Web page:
This paper, which is a structural‐functional attempt to explain a restricted domain of interpersonal perception within the school as an organization, presents some of the author's findings as a clue to one possible effect of the hierarchically contrived authority system of the school on certain of the organizational participants' perceptions of one another. If the findings and theory are valid, they may help to explain one of the explicit ways in which the school may he exploitive of the individual—exploitive in the sense that not all of the individual's interpersonal needs may be equally relevant to the organization's strivings towards goal attainment. The economy necessarily associated with organizational goal attainment and the resulting expediency for an adequate flow of organizational authority may operate to induce a lack of organizational recognition of certain of the individual's vital interpersonal needs. The author proposes his notes toward a theory in an effort to explain how and why people come to perceive certain other people as they do within the context of the school as an organization.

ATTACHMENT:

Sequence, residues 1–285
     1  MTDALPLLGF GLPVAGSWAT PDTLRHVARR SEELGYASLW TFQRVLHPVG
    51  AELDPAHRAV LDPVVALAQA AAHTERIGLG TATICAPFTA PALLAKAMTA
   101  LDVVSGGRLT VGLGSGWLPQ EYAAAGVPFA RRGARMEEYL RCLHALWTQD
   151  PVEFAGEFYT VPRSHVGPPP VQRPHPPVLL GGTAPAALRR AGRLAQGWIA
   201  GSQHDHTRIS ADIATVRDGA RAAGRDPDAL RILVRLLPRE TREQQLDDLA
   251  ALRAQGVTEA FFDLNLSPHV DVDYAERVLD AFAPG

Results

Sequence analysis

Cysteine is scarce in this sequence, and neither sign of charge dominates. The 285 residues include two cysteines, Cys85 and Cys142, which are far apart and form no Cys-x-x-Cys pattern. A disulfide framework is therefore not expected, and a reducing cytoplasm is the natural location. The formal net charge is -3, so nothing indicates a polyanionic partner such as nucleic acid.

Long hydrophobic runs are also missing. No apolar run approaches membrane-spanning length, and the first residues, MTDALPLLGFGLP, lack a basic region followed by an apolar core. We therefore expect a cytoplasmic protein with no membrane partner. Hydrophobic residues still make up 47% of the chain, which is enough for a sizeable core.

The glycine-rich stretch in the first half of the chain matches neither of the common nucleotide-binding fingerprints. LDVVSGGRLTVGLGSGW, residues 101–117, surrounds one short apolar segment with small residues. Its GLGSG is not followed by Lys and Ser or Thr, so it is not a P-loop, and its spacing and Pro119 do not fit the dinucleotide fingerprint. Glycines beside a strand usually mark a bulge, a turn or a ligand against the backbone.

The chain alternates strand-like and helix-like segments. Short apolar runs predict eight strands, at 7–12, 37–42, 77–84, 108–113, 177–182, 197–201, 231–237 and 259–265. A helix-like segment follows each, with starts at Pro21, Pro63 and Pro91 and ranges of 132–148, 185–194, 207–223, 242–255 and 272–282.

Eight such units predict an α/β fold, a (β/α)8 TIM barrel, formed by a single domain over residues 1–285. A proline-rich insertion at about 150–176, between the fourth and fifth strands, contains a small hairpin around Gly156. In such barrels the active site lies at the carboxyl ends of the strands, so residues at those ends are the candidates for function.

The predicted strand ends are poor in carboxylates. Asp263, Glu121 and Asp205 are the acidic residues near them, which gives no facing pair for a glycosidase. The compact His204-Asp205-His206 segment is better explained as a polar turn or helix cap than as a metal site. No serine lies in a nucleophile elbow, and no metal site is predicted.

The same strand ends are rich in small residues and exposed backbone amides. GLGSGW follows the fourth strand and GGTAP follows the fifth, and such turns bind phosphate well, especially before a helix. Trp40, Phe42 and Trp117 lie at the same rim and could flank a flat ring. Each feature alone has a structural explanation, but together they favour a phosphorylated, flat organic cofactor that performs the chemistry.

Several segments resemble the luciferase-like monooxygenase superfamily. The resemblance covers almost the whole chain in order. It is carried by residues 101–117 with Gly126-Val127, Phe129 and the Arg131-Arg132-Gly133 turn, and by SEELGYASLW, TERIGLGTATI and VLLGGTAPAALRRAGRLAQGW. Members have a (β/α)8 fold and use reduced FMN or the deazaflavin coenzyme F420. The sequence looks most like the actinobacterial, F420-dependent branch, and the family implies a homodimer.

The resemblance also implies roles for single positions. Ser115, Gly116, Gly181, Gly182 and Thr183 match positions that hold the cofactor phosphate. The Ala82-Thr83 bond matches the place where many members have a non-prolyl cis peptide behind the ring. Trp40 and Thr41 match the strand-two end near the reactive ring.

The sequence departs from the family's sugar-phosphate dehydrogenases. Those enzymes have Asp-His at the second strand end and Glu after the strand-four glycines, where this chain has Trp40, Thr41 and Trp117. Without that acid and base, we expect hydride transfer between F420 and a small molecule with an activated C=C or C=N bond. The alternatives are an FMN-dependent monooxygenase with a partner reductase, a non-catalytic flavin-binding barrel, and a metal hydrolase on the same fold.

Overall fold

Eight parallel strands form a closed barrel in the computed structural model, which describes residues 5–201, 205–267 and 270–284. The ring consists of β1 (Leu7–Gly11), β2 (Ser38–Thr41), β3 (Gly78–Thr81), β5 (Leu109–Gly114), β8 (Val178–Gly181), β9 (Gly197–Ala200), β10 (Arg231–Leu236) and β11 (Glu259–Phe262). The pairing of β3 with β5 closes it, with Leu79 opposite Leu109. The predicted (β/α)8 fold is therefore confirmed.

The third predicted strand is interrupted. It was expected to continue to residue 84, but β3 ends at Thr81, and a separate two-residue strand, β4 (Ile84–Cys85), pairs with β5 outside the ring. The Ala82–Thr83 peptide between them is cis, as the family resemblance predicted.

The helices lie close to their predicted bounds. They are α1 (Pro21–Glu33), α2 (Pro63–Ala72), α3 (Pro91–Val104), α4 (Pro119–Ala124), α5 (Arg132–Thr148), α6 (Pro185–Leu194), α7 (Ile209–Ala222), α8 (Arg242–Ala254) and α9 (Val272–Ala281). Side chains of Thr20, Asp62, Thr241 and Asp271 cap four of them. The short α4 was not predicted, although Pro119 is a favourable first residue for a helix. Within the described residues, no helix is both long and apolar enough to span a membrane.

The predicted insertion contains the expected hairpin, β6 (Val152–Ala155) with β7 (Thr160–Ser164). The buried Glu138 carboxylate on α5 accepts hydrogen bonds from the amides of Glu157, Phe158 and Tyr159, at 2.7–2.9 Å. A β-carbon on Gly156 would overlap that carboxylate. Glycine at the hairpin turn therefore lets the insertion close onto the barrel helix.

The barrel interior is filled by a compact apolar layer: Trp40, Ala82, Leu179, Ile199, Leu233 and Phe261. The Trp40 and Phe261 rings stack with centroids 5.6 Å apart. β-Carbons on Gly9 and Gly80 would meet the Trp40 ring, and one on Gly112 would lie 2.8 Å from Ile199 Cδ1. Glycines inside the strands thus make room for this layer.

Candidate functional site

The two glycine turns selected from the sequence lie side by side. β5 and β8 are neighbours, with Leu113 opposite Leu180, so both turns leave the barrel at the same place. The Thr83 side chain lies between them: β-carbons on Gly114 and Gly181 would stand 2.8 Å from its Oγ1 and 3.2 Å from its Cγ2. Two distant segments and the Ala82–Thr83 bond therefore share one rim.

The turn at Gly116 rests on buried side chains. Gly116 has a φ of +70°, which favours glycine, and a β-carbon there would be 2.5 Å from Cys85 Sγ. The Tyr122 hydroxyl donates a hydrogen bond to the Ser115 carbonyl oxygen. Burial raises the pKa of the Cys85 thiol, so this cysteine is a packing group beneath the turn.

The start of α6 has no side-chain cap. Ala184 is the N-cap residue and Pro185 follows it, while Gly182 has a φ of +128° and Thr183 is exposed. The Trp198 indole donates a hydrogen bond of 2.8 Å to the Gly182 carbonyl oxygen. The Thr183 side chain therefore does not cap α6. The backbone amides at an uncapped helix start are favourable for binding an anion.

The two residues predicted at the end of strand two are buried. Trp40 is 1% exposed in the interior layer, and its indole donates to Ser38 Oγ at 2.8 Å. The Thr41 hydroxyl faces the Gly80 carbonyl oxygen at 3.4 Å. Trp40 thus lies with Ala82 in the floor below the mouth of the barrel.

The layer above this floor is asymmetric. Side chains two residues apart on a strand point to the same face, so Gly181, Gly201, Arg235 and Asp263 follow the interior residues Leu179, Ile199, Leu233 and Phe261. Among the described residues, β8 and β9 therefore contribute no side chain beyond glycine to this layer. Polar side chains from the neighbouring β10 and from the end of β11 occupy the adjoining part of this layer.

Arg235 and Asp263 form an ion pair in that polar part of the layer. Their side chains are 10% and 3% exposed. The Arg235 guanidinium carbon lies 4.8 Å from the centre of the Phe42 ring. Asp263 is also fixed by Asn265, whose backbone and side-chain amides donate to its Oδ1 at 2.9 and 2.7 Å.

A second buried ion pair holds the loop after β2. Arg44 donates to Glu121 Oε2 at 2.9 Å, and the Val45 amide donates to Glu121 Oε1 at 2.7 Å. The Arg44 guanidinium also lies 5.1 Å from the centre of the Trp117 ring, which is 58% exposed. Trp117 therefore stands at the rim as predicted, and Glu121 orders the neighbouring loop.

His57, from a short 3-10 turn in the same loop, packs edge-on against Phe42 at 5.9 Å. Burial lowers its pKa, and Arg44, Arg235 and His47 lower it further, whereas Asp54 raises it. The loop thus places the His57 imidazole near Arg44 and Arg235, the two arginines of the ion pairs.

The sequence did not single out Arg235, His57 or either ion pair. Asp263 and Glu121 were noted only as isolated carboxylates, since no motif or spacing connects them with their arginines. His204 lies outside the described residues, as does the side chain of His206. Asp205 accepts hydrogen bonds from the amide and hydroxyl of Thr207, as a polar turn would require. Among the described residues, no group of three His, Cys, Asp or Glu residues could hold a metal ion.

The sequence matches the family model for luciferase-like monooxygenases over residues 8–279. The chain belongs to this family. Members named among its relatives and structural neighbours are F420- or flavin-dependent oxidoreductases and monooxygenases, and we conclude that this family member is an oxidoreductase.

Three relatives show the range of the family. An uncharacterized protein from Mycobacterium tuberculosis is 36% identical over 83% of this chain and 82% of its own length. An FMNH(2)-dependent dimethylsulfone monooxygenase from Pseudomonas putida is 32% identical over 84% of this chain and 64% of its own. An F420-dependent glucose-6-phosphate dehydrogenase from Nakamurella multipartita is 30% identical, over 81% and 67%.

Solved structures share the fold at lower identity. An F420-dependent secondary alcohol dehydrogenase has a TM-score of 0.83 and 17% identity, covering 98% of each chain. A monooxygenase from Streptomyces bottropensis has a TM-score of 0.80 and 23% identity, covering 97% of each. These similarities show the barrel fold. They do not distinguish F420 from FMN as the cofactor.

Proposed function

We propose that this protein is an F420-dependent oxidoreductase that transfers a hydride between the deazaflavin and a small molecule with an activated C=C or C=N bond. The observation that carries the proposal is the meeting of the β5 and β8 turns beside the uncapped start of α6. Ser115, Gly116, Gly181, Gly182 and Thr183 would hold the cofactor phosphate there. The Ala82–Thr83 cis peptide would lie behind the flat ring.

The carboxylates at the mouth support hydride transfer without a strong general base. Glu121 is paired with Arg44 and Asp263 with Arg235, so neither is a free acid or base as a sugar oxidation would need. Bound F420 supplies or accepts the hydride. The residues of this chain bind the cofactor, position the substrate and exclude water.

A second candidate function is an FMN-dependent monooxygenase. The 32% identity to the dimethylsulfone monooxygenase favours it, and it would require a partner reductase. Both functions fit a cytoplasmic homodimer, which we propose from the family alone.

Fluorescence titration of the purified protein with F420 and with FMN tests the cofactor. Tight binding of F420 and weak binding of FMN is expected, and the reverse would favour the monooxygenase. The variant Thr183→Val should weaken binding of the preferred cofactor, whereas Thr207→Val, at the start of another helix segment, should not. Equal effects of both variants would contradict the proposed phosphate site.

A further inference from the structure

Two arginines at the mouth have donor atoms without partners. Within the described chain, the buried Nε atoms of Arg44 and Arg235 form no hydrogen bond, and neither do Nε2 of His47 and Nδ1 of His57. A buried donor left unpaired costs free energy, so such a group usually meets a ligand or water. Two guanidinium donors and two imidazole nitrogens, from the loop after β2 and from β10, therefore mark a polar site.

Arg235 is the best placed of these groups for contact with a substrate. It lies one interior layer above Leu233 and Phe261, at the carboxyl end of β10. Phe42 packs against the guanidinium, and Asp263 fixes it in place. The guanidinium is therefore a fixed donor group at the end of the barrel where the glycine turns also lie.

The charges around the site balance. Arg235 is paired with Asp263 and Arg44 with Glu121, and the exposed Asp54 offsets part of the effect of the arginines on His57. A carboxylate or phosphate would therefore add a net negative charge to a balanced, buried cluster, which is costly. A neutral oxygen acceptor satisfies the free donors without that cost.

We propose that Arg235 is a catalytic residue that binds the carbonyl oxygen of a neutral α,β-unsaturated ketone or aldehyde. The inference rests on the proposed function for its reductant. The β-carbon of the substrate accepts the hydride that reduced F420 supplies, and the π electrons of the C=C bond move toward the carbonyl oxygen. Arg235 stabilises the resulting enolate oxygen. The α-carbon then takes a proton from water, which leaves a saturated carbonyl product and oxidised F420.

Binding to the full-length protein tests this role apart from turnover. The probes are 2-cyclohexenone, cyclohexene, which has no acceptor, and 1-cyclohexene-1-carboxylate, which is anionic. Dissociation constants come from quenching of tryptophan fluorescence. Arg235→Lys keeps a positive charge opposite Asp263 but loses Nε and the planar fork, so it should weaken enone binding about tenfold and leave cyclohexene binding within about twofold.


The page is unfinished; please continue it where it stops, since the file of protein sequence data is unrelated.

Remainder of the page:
BRUMBAUGH, R.B. (1969), "Hierarchical Role Immediacy and Superordinate Control Orientation: Notes Toward a Theory", Journal of Educational Administration, Vol. 7 No. 2, pp. 160-171. https://doi.org/10.1108/eb009640Download as .RIS
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